The House of Lords has issued a landmark ruling which will be greeted with considerable relief by small company owners throughout the land. However, the ruling is not the ‘anything goes’ judgment it is being portrayed as in some quarters. In the case in point, a company (Arctic Systems Ltd) was set up by a Mr and Mrs Jones, with both subscribing for shares.
Although all of the income of the company was generated by Mr Jones' work, the effect of their arrangements was that Mrs Jones received considerable dividends and the tax paid by the Jones family as a whole was reduced by virtue of the fact that her income was taxed at a lower rate of income tax than her husband's. They also avaoided National Insurance contributions by paying dividends rather than salaries.
The question which was in point was whether or not the original division of shares (an income producing asset) was effectively a ‘settlement’ (a gift from Mr Jones to Mrs Jones) and thus was caught by what is now S660 of the Income and Corporation Taxes Act 1988. This provides that where such a transfer takes place, with the effect that the right to income is transferred from a higher rate taxpayer to one with a lower rate, the income is treated as belonging to the transferor.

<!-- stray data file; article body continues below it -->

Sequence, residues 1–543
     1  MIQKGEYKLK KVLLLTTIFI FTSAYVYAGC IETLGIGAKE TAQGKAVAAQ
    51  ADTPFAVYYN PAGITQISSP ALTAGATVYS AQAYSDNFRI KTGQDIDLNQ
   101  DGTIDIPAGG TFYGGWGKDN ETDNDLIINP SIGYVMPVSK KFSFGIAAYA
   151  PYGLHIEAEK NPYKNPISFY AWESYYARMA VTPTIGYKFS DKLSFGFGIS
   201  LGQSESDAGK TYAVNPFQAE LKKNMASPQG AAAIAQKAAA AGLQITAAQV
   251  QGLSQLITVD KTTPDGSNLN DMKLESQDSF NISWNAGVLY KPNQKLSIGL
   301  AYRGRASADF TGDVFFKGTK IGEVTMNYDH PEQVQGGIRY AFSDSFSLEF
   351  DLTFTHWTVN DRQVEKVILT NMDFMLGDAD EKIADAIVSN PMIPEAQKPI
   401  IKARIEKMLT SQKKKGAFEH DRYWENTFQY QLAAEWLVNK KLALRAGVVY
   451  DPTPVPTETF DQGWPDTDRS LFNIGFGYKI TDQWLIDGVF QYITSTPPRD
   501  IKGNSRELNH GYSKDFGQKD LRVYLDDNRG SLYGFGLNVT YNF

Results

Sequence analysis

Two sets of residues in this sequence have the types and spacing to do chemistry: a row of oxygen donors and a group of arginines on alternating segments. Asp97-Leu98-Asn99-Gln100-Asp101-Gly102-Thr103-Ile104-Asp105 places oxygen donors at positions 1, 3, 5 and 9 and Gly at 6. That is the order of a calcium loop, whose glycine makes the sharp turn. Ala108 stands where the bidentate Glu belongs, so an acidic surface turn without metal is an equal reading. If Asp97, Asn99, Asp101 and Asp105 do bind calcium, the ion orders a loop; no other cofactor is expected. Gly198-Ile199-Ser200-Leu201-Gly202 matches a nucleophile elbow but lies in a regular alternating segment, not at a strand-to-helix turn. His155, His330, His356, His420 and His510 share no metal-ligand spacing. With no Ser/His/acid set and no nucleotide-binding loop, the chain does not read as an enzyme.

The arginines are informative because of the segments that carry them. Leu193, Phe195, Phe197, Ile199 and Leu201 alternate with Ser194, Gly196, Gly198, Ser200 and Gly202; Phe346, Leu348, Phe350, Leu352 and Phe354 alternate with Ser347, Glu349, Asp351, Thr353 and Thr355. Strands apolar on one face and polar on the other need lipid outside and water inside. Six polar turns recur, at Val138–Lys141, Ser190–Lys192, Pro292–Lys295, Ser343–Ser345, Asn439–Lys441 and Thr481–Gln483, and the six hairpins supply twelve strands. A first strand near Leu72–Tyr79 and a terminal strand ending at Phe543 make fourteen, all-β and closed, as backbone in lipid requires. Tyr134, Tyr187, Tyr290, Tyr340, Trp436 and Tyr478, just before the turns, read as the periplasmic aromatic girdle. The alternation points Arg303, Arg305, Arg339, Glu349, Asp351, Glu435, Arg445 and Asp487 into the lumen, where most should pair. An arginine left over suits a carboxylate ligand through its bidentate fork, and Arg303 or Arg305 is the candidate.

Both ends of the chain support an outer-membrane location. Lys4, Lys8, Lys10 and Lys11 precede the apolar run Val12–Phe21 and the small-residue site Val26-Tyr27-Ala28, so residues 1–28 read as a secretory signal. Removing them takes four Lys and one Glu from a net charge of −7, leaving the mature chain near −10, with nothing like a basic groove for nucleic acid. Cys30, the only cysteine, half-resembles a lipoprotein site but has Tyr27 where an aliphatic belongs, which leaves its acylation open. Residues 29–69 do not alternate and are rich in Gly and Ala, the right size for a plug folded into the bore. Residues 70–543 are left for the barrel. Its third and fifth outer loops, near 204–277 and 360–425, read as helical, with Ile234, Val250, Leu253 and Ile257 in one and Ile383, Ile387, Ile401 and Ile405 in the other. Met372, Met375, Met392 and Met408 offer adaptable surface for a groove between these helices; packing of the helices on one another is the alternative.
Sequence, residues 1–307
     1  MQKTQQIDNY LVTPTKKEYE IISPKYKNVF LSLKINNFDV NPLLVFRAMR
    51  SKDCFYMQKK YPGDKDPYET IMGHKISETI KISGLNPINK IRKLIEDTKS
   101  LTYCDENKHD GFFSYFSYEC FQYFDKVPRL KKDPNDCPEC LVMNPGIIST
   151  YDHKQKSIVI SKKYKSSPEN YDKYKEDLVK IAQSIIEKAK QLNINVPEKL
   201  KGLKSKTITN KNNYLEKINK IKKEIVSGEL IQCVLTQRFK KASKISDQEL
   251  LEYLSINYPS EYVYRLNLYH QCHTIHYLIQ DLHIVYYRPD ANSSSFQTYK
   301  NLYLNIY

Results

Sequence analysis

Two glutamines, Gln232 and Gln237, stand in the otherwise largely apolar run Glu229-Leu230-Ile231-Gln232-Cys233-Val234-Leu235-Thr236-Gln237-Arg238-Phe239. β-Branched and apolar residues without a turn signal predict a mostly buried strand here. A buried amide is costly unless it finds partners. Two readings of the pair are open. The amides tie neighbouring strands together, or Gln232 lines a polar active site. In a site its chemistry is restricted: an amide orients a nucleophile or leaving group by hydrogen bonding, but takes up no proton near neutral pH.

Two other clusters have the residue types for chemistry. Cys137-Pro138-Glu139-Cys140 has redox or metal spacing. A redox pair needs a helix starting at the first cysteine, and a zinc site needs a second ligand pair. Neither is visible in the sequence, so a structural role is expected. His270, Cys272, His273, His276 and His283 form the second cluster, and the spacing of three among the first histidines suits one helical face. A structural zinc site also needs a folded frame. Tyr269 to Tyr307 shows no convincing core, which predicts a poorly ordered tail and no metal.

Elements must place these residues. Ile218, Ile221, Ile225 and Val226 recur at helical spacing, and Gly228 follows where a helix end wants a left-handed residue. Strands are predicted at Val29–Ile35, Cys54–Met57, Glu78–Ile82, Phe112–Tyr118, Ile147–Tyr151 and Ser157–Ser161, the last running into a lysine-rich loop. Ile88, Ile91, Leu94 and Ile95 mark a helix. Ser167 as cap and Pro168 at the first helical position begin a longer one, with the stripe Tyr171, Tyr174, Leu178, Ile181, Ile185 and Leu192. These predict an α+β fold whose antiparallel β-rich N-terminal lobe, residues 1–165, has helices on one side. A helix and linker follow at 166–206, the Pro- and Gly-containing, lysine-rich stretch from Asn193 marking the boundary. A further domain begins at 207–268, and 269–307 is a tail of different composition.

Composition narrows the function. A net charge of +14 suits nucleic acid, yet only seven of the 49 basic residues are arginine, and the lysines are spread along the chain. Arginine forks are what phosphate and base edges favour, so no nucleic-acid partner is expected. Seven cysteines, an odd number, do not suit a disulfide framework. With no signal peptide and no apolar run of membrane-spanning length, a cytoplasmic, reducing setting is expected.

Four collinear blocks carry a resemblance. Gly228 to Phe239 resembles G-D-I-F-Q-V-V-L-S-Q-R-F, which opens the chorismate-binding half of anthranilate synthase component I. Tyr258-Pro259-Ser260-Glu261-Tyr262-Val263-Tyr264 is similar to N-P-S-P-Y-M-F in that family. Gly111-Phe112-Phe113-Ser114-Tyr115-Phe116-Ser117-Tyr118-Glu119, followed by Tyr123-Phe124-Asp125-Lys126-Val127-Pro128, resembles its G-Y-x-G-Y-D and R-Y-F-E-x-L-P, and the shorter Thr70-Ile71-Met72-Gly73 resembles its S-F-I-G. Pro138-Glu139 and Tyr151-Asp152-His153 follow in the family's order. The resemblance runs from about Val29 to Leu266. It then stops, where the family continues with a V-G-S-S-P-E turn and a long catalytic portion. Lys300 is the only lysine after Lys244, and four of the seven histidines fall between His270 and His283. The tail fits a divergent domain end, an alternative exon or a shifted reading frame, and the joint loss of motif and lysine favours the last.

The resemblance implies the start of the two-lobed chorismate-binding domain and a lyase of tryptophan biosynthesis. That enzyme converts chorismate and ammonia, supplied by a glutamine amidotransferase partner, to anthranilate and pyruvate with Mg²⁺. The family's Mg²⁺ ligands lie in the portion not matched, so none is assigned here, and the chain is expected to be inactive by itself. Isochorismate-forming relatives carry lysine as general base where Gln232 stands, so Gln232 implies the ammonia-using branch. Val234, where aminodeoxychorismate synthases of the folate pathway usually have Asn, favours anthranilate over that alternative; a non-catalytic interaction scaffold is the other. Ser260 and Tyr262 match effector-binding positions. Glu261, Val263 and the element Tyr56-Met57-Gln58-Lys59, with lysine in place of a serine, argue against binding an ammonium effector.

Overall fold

For a settlement to exist there has to be an element of bounty. HM Revenue and Customs argued that the Mrs Jones’ shares were, in effect, a ‘right to income', which had been gifted by her husband. The Joneses held that this was not the case because Mrs Jones had paid for her share when the company was formed and her shares had not been given it as a gift by her husband. The Lords unanimously rejected that defence.
However, the Joneses were successful in claiming that the exemption to the settlement legislation for transfers between husband and wife applied. The Treasury has now announced that it intends to change the law - most likely by removing the exemption for transfers between spouses (which will also apply to civil partners). Moves to make dividends subject to National Insurance Contributions are also thought to be under consideration.